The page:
By Ron Sussman
Dear Life Insurance Carriers,
We have been friends and business partners for 36 years. Over that time, our relationship has been both prosperous and painful, not unlike many long-term unions.
In the beginning, I was young and naive and you were a guiding and benevolent force. I quickly learned, with your assistance, the products we sell help families in their time of need – many times, during loss, divorce or death.
As a young professional, I embraced the sales model you espoused, did my best to understand the complex calculations behind your products, steeped myself in industry acronyms and sales concepts, and did my best to encourage others to embrace your value proposition.
My naïveté led me to believe that you, as seasoned participants in a risk-shifting industry, had my clients’ best interests at heart. I believed you would honor your commitments and support those who helped advance your message and mission.
Fast forward more than three decades in this industry, and my perspective has completely shifted. Unfortunately for well-intentioned industry professionals and their clients, you are fundamentally flawed and institutionally unprincipled.
Where We Went Wrong
A long period of low interest rates has exposed your sometimes-rotten underbelly. Of course, we’re a for-profit industry and naturally, insurance carriers must have revenue growth to survive. I understand - I’m a business owner myself!
But remember – just like my company, without satisfied clients, we cannot exist.
Since 2008 when interest rates dropped to historic lows, you have been in perpetual panic mode. Stock companies slashed overhead, changed products and disrupted long-entrenched distribution systems to boost earnings. Most egregiously, some carriers increased insurance costs on older policies without substantiating legitimate mortality-related losses. This caused policyholders in their 80s and 90s to surrender at the worst possible stage in their lives.
We both know reverberations from this seismic attitude shift – favoring stockholders over policyholders – will have a negative impact on the buying public’s perception of our industry. This will lead to loss of business and revenue for everyone.
Yet, you perpetuate and defend this behavior.
To make matters worse, you treat policyholders – the individuals who pay for your products – as if they should be grateful to work with you, while service at many major carriers remains a disaster. Representatives are poorly trained and disrespectful. Obtaining in-force policy data is nearly impossible and often inaccurate. And you really don’t seem to care.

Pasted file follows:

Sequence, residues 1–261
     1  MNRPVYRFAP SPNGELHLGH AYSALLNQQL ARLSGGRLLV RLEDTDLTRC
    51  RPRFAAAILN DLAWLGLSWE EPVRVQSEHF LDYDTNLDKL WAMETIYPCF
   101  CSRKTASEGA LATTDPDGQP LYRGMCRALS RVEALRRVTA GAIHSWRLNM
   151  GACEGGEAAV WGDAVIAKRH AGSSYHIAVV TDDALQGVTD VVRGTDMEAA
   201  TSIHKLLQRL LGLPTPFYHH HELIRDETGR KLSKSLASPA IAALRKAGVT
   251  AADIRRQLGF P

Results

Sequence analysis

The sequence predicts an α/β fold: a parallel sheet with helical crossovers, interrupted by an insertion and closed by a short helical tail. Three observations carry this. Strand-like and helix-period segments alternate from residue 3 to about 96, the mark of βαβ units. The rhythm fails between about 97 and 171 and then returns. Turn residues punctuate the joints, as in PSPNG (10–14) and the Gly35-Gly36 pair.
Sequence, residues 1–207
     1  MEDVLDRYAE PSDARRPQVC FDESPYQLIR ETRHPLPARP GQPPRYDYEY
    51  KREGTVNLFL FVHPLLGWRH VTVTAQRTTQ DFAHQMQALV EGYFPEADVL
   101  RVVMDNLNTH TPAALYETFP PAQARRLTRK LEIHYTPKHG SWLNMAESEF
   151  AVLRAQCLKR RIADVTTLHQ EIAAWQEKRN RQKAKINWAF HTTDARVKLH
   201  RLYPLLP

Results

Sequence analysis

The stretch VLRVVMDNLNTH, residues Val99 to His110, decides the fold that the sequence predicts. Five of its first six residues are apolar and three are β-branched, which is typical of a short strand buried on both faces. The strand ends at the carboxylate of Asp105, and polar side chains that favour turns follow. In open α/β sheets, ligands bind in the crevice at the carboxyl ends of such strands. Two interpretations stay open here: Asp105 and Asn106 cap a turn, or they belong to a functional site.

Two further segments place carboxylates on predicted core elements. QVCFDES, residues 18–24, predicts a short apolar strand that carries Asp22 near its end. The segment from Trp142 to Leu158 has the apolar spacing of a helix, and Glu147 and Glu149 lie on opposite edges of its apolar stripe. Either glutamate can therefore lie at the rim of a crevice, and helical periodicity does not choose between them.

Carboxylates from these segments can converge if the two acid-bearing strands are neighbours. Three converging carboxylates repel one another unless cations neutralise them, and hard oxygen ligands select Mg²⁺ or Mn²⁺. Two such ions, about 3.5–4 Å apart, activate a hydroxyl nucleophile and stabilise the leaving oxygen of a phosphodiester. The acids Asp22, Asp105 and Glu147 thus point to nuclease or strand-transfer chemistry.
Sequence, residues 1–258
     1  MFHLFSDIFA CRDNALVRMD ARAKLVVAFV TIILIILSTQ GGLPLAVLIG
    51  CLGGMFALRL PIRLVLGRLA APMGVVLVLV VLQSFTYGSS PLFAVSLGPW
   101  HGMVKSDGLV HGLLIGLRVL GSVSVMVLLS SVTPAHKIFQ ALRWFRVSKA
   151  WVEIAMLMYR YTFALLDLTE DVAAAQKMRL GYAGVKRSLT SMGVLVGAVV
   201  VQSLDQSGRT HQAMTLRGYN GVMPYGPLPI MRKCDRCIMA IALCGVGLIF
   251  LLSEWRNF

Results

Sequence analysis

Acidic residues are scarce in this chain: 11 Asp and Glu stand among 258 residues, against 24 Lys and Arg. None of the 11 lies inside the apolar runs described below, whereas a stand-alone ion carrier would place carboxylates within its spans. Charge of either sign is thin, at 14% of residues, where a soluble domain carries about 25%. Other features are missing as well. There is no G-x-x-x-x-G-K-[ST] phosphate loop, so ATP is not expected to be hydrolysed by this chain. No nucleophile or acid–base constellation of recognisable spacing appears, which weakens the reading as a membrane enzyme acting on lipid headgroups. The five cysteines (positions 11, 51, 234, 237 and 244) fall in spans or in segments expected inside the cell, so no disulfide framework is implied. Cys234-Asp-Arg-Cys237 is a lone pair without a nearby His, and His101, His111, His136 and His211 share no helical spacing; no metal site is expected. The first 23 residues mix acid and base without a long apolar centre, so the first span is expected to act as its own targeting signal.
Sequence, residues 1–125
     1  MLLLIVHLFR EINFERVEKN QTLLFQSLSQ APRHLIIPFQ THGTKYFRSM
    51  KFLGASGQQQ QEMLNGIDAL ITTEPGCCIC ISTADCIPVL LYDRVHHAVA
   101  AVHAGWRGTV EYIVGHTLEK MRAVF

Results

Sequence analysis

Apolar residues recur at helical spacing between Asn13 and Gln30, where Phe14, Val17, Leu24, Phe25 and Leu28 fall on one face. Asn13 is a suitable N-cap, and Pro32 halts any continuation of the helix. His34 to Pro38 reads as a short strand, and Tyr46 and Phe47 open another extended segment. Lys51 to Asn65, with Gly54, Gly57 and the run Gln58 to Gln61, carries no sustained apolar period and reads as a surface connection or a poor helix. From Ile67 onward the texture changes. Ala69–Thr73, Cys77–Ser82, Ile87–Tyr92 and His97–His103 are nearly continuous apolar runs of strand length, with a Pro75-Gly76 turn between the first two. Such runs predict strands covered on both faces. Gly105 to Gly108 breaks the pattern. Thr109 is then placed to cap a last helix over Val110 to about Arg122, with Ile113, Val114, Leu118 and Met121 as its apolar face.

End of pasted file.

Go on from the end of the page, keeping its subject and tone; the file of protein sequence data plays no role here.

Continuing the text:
As an industry professional working for my clients’ best interest, my requests are usually met with a nonnegotiable “no.” No, you won’t invest money into reliable, user-friendly systems. No, I cannot speak with a representative. No, no and more no.
If I sound cranky, it’s because our relationship has been strained to its limits. We need to work together and my clients’ interests come first. We clash because I expect the highest standards and, despite your promises, you seldom meet them. We are no longer on the same page, but we stay together because we have no choice.
If insanity is repeating the same behaviors and expecting a different result, our industry has has lost its mind.
Every other service industry acknowledges the value of repeat customers. Other industries strive to evolve and improve the customer experience. Insurance carriers seem to make the customer experience worse! Treating policyholders like second-class citizens is a losing game, and unfortunately, we’re both on the wrong side of the scoreboard.
I’m concerned about our future and our livelihood. Your bad attitude is beginning to attract attention and soon, the buying public will fight back against the poor treatment and service you’ve dealt them for too long. And you’re bringing honest, hardworking professionals down with you!
Your push towards indexed life products proves you’ve shifted risk to clients, when you should be in the business of absorbing risk for individuals who pay you to do so!
You have also promised to be a good steward of client funds, which includes reporting. In-force illustrations are not a battleground for market share, but rather, a necessity for every policy owner. Your products have become so contingent on interest, time and markets, that a payment made two weeks early can, with some older guaranteed universal life products, cause a significant loss of benefits.
A Plan for Change
Fortunately for both of us, it’s not too late to change course. Interest rates eventually will rise. Our industry is too large to pack up its tent and walk away. It’s time for a little introspection. Maybe, as the banking and securities industries have realized, you too, should focus on some industry-wide technology standards to allow clients easy access to accurate data.
Maybe your current model – allowing agents to determine which products they sell based on their commissions – is not working. Maybe you need to be the adult in the room and take responsibility for your products and their performance.
Maybe. Nothing is impossible. But if past results are indicative of future performance, we are all in trouble.
Ron Sussman is founder and chief executive officer of PolicyAudits.com and CPI Companies. He counsels high-net-worth individuals through risk management analysis and life insurance planning strategies. Ron may be contacted at email@example.com.
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